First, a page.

By Michael E. Miller
By Ryan Yousefi
By Kyle Munzenrieder
By Sabrina Rodriguez
By Michael E. Miller
By Carlos Suarez De Jesus
By Luther Campbell
By Kyle Munzenrieder
In the interest of full disclosure, I should acknowledge I didn't care for the Cub Scouts. My den mother was the wife of my Little League baseball coach, and while she was probably a good woman, at the time I thought she was a thief who was squirreling away my 75 cents in dues she collected every week, possibly saving the money to buy her and her calisthenics-loving husband matching sports cars. She claimed the cash was going toward art supplies and refreshments, but c'mon, 30 years ago a package of Kool-Aid cost only a few pennies, and as far as art supplies went, all I remember was some Elmer's glue and a giant bag of Good Humor popsicle sticks.
One week, while trying “to do my best,” as the scout oath commands, I made my father a pencil box. Unfortunately he thought it was an ashtray, and the first time he put out a cigarette, the wood and the glue caught fire and nearly burned down our entire apartment building. Following this ordeal I began asking questions, demanding a full accounting of where my quarters were going. Not long thereafter, my mother received a call suggesting it was best for the troop if I didn't attend anymore scout meetings. Obviously I was getting close to the truth.
Last week, I found myself once again in a rather inquisitive mood with regard to scouting. And luckily, no one has thought to call my mother to ask me to stop.
The issue: Should the Boy Scouts continue to receive public funding following a recent Supreme Court decision that allows the organization to discriminate openly against homosexuals? In a 5-4 decision, the Supreme Court ruled that since the Boy Scouts are a private organization, they are free to determine their own qualifications for membership, and therefore can bar gay scoutmasters.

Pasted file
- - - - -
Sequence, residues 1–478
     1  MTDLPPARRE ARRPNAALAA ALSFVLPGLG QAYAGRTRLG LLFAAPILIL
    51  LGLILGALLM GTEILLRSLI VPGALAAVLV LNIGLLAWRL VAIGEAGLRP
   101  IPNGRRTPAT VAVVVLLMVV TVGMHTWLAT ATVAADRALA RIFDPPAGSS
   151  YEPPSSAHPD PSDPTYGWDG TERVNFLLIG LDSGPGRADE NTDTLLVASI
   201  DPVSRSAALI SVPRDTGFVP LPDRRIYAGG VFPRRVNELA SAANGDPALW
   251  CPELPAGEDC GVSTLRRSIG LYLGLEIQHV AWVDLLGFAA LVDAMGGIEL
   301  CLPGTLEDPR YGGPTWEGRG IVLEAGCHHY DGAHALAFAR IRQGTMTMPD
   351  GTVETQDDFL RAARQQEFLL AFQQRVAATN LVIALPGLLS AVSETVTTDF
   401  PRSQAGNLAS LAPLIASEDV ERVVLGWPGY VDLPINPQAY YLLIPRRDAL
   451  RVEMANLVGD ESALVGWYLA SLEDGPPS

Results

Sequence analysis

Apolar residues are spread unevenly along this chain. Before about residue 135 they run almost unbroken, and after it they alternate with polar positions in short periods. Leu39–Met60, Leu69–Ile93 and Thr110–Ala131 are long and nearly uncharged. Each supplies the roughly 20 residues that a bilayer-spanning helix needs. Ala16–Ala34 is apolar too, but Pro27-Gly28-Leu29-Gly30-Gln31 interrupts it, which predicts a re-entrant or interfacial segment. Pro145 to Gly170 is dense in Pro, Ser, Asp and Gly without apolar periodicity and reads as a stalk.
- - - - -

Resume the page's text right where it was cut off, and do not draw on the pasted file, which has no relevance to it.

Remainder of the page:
Since the Supreme Court ruling, a number of local governments -- most notably in Chicago, San Francisco, and San Jose -- have either withdrawn, or threatened to withdraw, their support of the scouts.
Nowhere, though, has the battle been as fierce as in South Florida, where Fort Lauderdale, Miami Beach, Wilton Manors, and the Broward County School Board have all severed their ties to the Boy Scouts.
Last week the issue landed before the Miami-Dade County Commission, which was considering its annual budget. Of the $4.6 billion being allocated, $75,000 was earmarked for the Boy Scouts. Commissioner Katy Sorenson, offered a compromise: The scouts would receive one-fourth of their allocation now, and the rest would be held in reserve, to give local Boy Scout leaders, county officials, and members of the gay community a chance to meet and discuss their differences.
Sorenson's proposal was hailed and the measure passed unanimously. In contrast to the ugly debates engulfing other governmental bodies, Miami-Dade County appeared uncommonly statesmanlike.
Behind the scenes, however, it's been business as usual. And though we can hope for a miracle whereby the national leadership of the Boy Scouts realizes its policies regarding homosexuality are both bigoted and outdated, such an epiphany is unlikely.